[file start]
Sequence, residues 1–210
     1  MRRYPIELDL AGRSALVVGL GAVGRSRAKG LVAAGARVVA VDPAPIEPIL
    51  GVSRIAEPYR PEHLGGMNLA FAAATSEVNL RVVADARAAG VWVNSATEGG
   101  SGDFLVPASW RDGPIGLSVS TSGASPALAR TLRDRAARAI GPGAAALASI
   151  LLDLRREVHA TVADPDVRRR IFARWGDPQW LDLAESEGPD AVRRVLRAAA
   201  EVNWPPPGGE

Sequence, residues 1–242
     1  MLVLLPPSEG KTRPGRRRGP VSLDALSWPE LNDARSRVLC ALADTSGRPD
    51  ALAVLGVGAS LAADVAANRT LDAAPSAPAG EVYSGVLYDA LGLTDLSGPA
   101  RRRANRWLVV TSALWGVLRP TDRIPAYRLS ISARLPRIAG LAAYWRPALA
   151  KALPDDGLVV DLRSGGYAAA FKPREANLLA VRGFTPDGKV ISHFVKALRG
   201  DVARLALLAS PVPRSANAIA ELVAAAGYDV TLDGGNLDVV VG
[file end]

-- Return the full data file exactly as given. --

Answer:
Sequence, residues 1–210
     1  MRRYPIELDL AGRSALVVGL GAVGRSRAKG LVAAGARVVA VDPAPIEPIL
    51  GVSRIAEPYR PEHLGGMNLA FAAATSEVNL RVVADARAAG VWVNSATEGG
   101  SGDFLVPASW RDGPIGLSVS TSGASPALAR TLRDRAARAI GPGAAALASI
   151  LLDLRREVHA TVADPDVRRR IFARWGDPQW LDLAESEGPD AVRRVLRAAA
   201  EVNWPPPGGE

Sequence, residues 1–242
     1  MLVLLPPSEG KTRPGRRRGP VSLDALSWPE LNDARSRVLC ALADTSGRPD
    51  ALAVLGVGAS LAADVAANRT LDAAPSAPAG EVYSGVLYDA LGLTDLSGPA
   101  RRRANRWLVV TSALWGVLRP TDRIPAYRLS ISARLPRIAG LAAYWRPALA
   151  KALPDDGLVV DLRSGGYAAA FKPREANLLA VRGFTPDGKV ISHFVKALRG
   201  DVARLALLAS PVPRSANAIA ELVAAAGYDV TLDGGNLDVV VG